The SEC may adopt final pay-ratio rules, mandated by Dodd-Frank, possibly as early as next week.  More significantly, according to the WSJ, the final rules will be adopted “without broad exclusions sought by companies.”

The pay-ratio proposal requires most public companies to disclose the relationship of CEO pay to the median pay of other employees. How that median is calculated, however, has been a subject of much controversy, particularly with respect to the need to include part-time and foreign employees.  Companies have argued that inclusion of these employees will be costly and time-consuming and improperly skew the ratio.  However, those opposing any carve-outs contend that the Dodd-Frank does not permit any exclusions.

Perhaps in anticipation of an almost certain court challenge to the pay-ratio rules, the SEC’s Division of Economic and Risk Analysis performed additional economic/statistical analyses of the pay-ratio calculation, which considered the potential effects of excluding different percentages of employees from the calculation. The analysis excluded different percentages ranging between 1% and 20%. The results showed that the exclusion of 5% of employees could cause the pay ratio to decrease by up to 3.4% or to increase by up to 3.5% under two different scenarios studied. By comparison, with a 20% exclusion, the pay ratio may decrease by up to 13% or increase by up to 15%, depending on the scenario considered. (See this post.) All that activity led some to hope that the SEC was contemplating allowing broad exclusions for overseas and part-time employees.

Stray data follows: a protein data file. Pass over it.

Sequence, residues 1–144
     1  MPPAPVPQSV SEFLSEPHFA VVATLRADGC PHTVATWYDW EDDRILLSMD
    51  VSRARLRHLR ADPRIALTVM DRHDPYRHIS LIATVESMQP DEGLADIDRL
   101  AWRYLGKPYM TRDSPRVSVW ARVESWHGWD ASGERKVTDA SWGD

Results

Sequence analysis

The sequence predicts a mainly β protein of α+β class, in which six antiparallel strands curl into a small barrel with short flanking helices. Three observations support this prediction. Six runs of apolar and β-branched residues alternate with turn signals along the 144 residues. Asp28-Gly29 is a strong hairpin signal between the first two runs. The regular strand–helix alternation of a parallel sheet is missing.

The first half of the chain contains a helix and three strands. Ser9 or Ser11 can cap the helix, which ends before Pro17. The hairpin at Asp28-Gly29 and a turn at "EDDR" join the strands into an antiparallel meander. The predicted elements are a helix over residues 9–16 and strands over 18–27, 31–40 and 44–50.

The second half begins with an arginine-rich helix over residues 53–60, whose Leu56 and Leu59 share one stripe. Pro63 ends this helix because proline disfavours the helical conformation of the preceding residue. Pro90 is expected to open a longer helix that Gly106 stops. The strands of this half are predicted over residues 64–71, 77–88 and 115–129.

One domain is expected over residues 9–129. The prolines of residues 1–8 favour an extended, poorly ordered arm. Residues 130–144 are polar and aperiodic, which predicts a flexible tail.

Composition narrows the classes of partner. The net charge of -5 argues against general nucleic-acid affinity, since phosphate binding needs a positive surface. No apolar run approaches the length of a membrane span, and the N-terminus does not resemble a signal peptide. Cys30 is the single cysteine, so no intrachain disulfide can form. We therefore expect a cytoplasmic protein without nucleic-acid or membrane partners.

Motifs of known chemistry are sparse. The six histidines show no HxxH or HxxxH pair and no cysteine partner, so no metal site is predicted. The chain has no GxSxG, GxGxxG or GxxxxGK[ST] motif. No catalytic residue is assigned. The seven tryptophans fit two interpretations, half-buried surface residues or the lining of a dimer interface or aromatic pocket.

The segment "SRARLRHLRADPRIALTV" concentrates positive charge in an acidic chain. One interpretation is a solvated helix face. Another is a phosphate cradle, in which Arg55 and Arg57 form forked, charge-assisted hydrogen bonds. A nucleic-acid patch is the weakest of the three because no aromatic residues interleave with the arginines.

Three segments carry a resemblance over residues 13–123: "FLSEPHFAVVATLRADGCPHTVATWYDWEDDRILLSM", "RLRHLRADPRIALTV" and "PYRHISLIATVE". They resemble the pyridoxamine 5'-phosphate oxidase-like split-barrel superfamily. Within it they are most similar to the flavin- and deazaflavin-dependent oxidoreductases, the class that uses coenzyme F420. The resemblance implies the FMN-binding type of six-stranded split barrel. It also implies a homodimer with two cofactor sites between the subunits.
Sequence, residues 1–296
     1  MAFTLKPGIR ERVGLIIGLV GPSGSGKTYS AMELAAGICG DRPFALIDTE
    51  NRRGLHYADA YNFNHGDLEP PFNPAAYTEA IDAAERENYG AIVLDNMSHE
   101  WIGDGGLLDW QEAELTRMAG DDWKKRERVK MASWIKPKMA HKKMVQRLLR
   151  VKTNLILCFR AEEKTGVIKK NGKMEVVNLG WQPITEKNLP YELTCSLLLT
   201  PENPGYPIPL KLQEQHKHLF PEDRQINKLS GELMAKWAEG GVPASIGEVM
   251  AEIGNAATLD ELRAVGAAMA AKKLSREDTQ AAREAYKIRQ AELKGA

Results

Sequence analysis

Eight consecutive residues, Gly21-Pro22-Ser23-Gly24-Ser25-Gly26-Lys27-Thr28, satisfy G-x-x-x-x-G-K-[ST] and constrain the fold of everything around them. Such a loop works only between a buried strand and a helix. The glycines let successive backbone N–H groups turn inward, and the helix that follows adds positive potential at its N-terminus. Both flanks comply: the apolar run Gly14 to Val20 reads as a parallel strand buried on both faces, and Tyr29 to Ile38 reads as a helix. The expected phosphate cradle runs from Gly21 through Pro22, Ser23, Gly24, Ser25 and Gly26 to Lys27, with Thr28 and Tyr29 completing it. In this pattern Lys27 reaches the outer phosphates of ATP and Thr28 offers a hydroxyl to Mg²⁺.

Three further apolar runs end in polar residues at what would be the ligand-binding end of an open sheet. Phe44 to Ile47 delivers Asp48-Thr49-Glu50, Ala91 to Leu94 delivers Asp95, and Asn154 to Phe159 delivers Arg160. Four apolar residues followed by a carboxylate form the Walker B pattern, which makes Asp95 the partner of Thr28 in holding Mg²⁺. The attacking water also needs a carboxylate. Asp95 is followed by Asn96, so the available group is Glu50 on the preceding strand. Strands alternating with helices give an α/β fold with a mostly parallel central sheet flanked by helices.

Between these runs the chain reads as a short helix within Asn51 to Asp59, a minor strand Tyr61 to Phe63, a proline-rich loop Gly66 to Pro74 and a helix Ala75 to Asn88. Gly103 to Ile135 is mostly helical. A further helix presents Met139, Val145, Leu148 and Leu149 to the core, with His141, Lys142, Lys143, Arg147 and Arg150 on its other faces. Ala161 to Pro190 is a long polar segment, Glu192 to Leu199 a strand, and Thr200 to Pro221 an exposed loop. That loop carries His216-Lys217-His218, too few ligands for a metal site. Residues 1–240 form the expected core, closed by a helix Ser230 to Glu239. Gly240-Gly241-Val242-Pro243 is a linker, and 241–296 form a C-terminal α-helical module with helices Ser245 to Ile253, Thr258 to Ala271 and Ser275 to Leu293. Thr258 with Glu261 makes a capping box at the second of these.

According to the WSJ: “In a setback to corporations and their trade groups, the Securities and Exchange Commission is expected to allow companies to exclude 5% of their overseas workers from the pay-ratio calculation…. Companies had pressed to exclude a much larger percentage of foreign workers, which likely would have narrowed the pay gap some businesses report…..People familiar with the matter said the vote date and the contours of the rule could still change.” According to commentators cited in the article, that percentage exclusion will have limited benefit for many companies with significant overseas presence.